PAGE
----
How to care for your child’s oral health - National Dental Care

Caring for your children’s teeth starts way before they can start brushing themselves. Once that first baby tooth appears, it’s time to include oral hygiene in their routine.

Your children’s first teeth are important for the health of their adult teeth. And the routines you create around tooth brushing, help them develop the right habits as they grow older.

How to clean your child’s first tiny teeth

Your baby’s oral health starts before they begin teething – a healthy diet is important to form strong teeth and bones. But once those tiny teeth start appearing, it’s time to start cleaning them each day. At first, you use a clean, wet cloth to gently wipe around the teeth and gums.

Look for toddler’s toothbrushes once your child is two, and just use a tiny dab of toothpaste for cleaning their teeth. It will take a while before children can reliably spit out toothpaste. Try to make teeth-cleaning a twice-daily routine, after breakfast and dinner, and it will become normal. If your child wants to clean their teeth themselves, encourage them to try but make sure you finish the task.

Flossing is also important, but you’ll need to do this by getting them to rest their head on your lap. You can then see clearer to gently clean between their teeth.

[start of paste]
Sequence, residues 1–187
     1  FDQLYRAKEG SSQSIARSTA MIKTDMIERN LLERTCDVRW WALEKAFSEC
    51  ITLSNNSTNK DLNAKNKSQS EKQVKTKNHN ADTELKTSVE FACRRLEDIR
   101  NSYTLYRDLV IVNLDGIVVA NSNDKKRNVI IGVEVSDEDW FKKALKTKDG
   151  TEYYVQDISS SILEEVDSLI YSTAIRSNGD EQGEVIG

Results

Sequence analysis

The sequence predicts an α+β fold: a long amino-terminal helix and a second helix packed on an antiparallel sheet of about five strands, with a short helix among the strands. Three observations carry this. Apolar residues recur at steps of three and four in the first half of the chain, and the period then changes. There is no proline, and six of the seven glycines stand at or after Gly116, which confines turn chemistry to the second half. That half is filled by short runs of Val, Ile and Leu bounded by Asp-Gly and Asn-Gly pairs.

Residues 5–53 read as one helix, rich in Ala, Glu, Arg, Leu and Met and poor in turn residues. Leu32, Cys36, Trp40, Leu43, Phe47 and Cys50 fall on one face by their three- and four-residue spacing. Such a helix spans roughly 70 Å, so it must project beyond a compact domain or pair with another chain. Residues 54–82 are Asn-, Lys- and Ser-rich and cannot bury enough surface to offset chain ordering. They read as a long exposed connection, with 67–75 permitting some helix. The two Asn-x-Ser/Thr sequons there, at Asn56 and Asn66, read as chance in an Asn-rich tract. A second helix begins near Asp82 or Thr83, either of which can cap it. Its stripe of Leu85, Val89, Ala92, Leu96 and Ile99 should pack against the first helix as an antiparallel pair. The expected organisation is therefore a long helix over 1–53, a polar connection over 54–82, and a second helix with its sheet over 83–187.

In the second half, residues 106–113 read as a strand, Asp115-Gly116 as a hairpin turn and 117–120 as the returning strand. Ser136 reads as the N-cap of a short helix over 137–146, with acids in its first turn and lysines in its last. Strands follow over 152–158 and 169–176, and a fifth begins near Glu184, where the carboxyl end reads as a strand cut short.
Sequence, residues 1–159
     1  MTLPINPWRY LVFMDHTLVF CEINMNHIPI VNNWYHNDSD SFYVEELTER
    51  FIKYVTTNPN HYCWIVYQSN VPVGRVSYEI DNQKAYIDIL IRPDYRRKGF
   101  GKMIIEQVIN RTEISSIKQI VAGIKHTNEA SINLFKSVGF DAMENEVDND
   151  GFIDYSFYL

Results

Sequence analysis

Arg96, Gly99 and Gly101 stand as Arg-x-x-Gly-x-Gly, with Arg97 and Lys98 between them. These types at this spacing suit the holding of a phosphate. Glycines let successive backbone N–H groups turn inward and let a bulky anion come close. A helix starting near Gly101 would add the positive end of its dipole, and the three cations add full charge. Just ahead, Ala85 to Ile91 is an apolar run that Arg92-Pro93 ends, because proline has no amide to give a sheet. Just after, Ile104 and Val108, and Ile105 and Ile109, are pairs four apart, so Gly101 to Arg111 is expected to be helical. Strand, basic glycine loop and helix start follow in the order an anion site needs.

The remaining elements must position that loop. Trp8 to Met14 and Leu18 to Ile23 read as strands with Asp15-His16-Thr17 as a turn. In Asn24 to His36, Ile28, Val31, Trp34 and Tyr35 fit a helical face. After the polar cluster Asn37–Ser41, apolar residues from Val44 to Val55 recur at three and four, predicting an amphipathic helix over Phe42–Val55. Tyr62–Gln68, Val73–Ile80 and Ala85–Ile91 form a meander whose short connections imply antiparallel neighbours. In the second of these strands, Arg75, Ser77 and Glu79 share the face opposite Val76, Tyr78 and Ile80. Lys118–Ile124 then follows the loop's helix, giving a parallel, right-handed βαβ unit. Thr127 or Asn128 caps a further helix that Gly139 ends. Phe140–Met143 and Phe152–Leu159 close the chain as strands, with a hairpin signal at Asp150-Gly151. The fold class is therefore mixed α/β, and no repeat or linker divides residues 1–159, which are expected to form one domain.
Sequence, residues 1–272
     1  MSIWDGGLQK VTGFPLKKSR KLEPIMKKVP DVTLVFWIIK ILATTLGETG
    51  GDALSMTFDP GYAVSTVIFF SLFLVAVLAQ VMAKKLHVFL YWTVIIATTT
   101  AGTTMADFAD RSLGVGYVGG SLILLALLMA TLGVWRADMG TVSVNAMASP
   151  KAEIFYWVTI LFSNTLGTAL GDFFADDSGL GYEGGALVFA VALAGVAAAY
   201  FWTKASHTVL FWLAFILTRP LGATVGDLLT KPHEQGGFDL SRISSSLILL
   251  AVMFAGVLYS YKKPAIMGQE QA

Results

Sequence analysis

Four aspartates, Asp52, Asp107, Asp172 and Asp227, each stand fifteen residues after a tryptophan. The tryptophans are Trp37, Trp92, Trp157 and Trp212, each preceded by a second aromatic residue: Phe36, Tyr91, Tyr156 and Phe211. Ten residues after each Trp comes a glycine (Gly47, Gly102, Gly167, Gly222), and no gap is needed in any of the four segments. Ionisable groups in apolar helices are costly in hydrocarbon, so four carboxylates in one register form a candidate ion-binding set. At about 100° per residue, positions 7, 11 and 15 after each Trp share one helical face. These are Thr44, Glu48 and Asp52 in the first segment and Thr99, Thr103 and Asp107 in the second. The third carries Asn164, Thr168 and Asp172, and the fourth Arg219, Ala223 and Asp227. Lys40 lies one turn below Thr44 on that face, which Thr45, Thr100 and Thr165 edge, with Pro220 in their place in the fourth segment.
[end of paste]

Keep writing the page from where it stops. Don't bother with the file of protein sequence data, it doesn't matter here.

Oral hygiene routines once they start school

By the time children are starting school, around six years of age, they’re generally able to clean their teeth fairly well. You’ll still need to be there to check it’s done properly and for long enough. A special song that goes for two minutes can make it easier for your child to know when they’re finished.

It may take another year or so before they’re able to floss their teeth by themselves, but with help they’ll learn. Don’t forget that you’re also setting a good example by making time to clean your own teeth carefully.

When to start bringing your child to the dentist

You need to book your child in for their first dental check at two years of age. This not only spots any issues, but also gets your child used to a trip to the dentist as a normal part of life. Should they later need dental treatment, it’s not a whole new thing when they’re in pain.

If your child already has any issues with dental visits, always let your National Dental Care practitioner know. They’re specially trained to make even the smallest of patients feel comfortable and get the treatment they need. Book an appointment online now to get your child’s teeth checked.

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